And for us, residents, we too can help, even in small ways. Many of our actions on land affect the nearshore coral reefs, and Johnston shares the following easy-to-follow guidelines that we all can do to keep coral reefs healthy:
1. Dispose of waste properly. Trash and other waste products such as motor oil, cooking oil, and other toxic chemicals, if left or dumped on the ground, can be blown or washed into the ocean and negatively impact coral reef ecosystems. Volunteer for beach cleanups or other conservation initiatives.
2. When snorkeling or diving, don’t step on, kick, or touch corals or other organisms and try not to stir up sediments. Also, choose “reef-friendly” sunscreens whenever possible.
3. When boating, don’t drive over shallow areas of seagrass or coral reef; stirred up sediments and physical contact with the bottom will harm coral reef ecosystems. Also, try not to anchor on corals or seagrasses.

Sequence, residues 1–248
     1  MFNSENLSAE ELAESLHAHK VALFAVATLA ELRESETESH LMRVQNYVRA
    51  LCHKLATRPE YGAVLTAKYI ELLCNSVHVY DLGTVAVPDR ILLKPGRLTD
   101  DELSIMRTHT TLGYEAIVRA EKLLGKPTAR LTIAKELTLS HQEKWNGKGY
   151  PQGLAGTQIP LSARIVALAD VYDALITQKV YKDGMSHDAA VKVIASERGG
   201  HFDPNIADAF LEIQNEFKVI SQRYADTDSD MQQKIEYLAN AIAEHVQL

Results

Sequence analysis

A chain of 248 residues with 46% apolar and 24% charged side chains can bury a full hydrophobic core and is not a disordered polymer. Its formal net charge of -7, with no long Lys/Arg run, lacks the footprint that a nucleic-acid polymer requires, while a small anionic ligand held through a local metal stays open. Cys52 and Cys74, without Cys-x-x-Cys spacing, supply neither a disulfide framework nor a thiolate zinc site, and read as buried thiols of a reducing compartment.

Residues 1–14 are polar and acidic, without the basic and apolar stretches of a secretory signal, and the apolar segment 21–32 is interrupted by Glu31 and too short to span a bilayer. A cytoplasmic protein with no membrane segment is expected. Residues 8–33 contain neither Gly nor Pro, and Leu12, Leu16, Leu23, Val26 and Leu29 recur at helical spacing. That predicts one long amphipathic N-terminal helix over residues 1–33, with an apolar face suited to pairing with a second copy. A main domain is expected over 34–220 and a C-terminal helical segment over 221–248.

4. Plant a tree or a rain garden! Coastal erosion leads to sediments and other pollutants being washed out into the ocean. Vegetation, including trees and wetland plants, help to reduce erosion and filter sediments and other pollutants from the water before it reaches the sea.
5. Fish and buy fish responsibly. Coral reefs need herbivores, such as parrotfish, to eat fast growing algae (i.e., seaweed) that otherwise would overgrow corals and reduce habitat quality for coral juveniles and other animals. Follow all local fishing regulations and recommendations and only take what you need.
The Saipan Coral Nursery Project will continue indefinitely, provided funding is secured. Johnston also disclosed that the CNMI Division of Coastal Resources Management will be establishing a second nursery in the coming year, and that with other agencies and non-government organizations, a coral reef restoration plan is being developed for the CNMI.
For more information about the Coral Nursery, other coral projects, or in volunteering with the Johnston Applied Marine Sciences, please contact Kelsey McClellan at firstname.lastname@example.org.